A second wave of COVID-19 is swamping Europe with daily numbers of confirmed cases, mainly because of increased testing, exceeding their spring peaks, while death rates are substantially lower.
For a few months this summer it was almost possible for Europeans to believe that life had returned to normal, notes an Economist report. In August and September, as children across the continent returned to school, COVID-19 infections began to rise. Yet governments, worried about a backlash, chose not to reintroduce harsh social-distancing measures.
The report says their decision has had a price. A second wave of COVID-19 is now washing over Europe.
Spain is among the hardest-hit countries. That is partly because its left-wing minority government and the conservative opposition have failed to agree on a national strategy. Madrid is under a 15-day state of emergency.
France is in just as bad a pickle. On October 17th the government imposed a curfew on nine big cities from 9pm to 6am.
Among the hardest-hit countries are Belgium and the Netherlands. “We are really very close to a tsunami. We no longer control what is happening,” warns Frank Vandenbroucke, Belgium’s health minister. The government has closed restaurants and bars and brought in a curfew from midnight until 5am.
In the Netherlands the government dithered while daily cases per million rose steadily. They are now higher than in Spain or France. This month the government at last closed restaurants for four weeks and required masks in public indoor spaces.
In south-eastern Europe and the Balkans, which tamed the virus effectively this spring with harsh lockdowns, there has been little appetite to reintroduce restrictions.
One step the EU did take this month was to settle on a Europe-wide map of regional epidemic severity, after a disagreement over the colours. Almost every province in Europe shows up red (a high rate of the virus). But one can easily discern the outlines of the success stories: Germany, Italy and the Nordics, which are mostly yellow (medium) with patches of green (low). Italy may not stay a success for long. It drove transmission rates down with aggressive lockdowns in the spring, but new cases are rising fast.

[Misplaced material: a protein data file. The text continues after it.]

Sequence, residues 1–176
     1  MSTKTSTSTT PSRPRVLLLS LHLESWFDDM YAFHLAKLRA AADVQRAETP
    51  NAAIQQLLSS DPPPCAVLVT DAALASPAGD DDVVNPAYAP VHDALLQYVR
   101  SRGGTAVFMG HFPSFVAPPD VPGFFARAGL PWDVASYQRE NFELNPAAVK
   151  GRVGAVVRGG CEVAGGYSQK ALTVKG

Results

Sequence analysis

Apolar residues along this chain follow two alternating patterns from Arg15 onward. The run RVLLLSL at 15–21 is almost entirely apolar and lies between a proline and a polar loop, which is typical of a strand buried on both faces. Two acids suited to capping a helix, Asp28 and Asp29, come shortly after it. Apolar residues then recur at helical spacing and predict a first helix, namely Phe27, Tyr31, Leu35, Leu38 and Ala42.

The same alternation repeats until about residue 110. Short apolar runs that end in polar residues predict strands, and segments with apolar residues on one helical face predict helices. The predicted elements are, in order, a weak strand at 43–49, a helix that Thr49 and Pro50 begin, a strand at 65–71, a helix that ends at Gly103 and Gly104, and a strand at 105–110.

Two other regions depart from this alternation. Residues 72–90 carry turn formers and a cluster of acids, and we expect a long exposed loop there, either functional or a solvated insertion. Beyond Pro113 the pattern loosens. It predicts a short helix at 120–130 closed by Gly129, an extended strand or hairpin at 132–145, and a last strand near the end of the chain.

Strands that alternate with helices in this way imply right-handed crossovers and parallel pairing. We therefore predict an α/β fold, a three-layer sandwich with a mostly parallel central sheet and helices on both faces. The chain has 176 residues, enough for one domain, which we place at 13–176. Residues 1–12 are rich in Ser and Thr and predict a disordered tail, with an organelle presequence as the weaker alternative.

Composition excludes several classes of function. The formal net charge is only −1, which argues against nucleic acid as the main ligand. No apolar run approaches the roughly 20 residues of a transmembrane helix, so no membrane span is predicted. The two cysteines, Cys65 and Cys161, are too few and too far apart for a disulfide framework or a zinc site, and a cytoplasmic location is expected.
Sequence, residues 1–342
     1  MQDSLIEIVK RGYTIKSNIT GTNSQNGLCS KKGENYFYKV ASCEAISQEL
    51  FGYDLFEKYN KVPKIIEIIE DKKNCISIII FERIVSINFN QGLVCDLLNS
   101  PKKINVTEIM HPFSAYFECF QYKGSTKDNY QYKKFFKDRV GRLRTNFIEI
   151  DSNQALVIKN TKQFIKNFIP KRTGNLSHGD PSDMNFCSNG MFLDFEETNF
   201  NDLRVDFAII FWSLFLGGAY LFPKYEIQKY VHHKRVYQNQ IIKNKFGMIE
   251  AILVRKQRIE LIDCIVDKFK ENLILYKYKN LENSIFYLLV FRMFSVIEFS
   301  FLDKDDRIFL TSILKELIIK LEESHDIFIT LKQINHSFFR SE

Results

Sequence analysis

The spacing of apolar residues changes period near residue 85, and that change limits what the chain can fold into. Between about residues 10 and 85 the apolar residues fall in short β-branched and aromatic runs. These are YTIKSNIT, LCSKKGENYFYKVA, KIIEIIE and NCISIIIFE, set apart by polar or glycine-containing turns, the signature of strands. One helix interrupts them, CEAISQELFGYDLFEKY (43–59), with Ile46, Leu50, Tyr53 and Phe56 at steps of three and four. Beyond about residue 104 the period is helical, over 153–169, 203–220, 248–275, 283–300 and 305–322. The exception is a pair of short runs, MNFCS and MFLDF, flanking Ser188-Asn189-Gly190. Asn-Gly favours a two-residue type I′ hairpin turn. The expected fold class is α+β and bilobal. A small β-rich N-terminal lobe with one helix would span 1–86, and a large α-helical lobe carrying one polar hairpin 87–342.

Germany and the Nordics remain Europe’s star performers, though there are difficulties. Germany has the continent’s best track-and-trace systems, but Germany’s federal system is causing fragmentation and disagreement.
Italy became the latest European country to announce new restrictions to stop the spread of the novel coronavirus, says a Washington Post report. France on Sunday more than 50,000 new infections, a new record for the fourth day running. Germany, widely lauded for its initial handling of the virus, reported a surge of its own. The number of coronavirus cases in Poland has doubled in less than three weeks. And Spain has also imposed new restrictions.
The report says the World Health Organisation reported new daily case records worldwide three days in a row last week, with new infections reaching more than 465,000 on Saturday. Almost half of those cases were in the organisation’s Europe region. The US set a new record Friday with more than 82,000 confirmed new infections.
Jennifer Nuzzo, a senior fellow for global health at the Council on Foreign Relations, called trends in both the US and Europe “deeply troubling.” “Unless the US and Europe take decisive action to stop the spread of the virus, we could easily see case numbers that eclipse pre-lockdown levels,” she is quoted in the report as saying. “If case numbers get too large, it may be too difficult to meaningfully slow the virus using measures other than shutdowns.”
Europe appeared to beat back infection rates during the summer. But as economies have reopened and colder weather pushes people indoors, several countries are now reporting case numbers that are eclipsing records set in the spring.
Numbers have soared in the Czech Republic, which in recent days has requested additional ventilators from an emergency European stockpile, closed its borders to tourists and imposed a new lockdown.